It’s time to get a little red about women’s heart disease Putting

Southwest Life

It’s time to get a little red about women’s heart disease Putting

Preventing heart disease

For optimal heart health, eat about two to three cups of fruits and vegetables daily.
Research confirms that animal protein can be high in saturated fat. Choose lean meats, fish or poultry with the skin removed and plant-based protein like soy, nuts and seeds.
Trans-fat can contribute to heart disease and strokes, and saturated fats can damage your heart. Check the labels on processed foods for trans-fat. Use healthy oils such as olive or canola oil when cooking. Eating fatty fish such as salmon twice a week provides heart healthy omega-3 fats to help reduce cholesterol and triglycerides.
Whole grains contain fiber, which helps lower cholesterol levels. Make half your grains whole grains and include a variety of grains when possible.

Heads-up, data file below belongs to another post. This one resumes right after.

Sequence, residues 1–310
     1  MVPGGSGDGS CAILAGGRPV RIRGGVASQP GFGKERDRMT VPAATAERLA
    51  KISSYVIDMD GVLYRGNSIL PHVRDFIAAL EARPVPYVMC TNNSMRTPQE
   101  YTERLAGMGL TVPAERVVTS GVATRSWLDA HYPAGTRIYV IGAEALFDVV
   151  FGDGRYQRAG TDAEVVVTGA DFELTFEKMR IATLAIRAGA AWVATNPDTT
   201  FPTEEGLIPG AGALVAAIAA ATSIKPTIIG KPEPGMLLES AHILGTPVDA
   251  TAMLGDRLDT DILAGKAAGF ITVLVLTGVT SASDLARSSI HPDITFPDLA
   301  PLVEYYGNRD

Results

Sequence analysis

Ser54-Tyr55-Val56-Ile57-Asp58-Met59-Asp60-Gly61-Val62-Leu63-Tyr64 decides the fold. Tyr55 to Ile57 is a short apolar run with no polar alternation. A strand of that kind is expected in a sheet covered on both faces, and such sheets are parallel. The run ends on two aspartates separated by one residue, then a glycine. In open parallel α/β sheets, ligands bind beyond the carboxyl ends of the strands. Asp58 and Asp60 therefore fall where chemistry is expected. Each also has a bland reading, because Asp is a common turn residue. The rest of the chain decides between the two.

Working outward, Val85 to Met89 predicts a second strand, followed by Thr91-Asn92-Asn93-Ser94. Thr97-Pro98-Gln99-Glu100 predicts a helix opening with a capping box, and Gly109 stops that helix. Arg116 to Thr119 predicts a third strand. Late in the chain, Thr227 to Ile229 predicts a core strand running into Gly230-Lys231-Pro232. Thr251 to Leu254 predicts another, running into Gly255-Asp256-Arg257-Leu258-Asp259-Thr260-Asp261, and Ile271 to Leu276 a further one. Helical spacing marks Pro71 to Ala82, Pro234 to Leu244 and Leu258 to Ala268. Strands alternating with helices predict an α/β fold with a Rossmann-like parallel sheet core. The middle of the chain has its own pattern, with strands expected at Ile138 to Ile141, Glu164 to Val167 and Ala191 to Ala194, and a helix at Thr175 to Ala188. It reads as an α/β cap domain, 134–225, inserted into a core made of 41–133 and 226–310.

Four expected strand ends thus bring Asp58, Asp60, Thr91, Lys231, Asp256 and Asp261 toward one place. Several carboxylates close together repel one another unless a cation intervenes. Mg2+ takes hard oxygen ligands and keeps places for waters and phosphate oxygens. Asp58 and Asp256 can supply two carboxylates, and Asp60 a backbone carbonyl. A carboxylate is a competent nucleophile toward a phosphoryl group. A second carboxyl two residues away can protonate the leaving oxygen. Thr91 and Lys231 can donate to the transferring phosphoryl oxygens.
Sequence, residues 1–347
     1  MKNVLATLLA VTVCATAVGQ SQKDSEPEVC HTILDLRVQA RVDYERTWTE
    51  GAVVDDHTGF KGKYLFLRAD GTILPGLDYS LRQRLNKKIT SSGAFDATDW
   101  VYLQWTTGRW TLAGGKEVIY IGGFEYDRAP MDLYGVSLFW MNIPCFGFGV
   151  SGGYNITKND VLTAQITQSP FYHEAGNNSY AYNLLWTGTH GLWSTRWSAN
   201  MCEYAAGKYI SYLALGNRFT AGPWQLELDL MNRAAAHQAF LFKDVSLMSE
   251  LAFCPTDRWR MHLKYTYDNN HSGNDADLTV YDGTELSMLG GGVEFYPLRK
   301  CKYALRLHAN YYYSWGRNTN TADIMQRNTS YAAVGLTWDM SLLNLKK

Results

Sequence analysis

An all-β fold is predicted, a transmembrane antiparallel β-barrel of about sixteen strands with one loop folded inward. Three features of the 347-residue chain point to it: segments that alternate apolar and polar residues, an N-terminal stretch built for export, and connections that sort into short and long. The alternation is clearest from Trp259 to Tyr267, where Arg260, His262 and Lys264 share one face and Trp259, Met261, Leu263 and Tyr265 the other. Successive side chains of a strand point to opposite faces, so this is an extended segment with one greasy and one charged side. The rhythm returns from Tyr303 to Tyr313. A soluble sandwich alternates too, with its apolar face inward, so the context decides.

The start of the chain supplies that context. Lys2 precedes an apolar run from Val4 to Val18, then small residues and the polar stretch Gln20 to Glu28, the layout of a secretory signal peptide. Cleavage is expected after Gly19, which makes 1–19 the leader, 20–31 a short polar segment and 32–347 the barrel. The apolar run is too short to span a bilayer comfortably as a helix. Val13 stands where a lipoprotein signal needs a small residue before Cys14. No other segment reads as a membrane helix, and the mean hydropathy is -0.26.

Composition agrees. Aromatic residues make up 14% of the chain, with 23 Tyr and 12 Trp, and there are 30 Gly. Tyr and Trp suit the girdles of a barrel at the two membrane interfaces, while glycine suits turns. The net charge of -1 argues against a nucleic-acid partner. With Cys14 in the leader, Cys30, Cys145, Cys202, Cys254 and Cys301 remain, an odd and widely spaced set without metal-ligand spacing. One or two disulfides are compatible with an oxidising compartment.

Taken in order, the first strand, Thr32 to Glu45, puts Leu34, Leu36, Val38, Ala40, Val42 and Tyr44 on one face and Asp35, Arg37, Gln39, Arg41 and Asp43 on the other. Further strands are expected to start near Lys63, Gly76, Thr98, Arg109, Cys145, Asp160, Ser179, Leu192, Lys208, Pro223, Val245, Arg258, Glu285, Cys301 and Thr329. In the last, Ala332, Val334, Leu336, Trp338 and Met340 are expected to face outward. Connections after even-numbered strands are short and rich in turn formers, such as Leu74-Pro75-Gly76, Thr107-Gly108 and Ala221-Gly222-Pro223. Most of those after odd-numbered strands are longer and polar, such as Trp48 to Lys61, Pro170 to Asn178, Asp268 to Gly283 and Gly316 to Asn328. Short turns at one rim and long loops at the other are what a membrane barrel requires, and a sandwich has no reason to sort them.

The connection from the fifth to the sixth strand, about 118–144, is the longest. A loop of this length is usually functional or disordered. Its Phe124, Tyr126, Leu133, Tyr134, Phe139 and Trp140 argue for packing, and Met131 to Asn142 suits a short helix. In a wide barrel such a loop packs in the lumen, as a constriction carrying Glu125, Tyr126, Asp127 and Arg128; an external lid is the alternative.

Added sugar contributes calories but not nutrients to our diets. Dietary guidelines recommend consuming no more than 6 teaspoons for women and 9 teaspoons for men of added sugars/ sweetened foods daily.
Most Americans consume 3,400 mg of sodium per day – more than twice the amount recommended by the American Heart Association. Whether sodium is from pink salt, sea salt, kosher salt or table salt, it all contains sodium. Most sodium is from processed foods.

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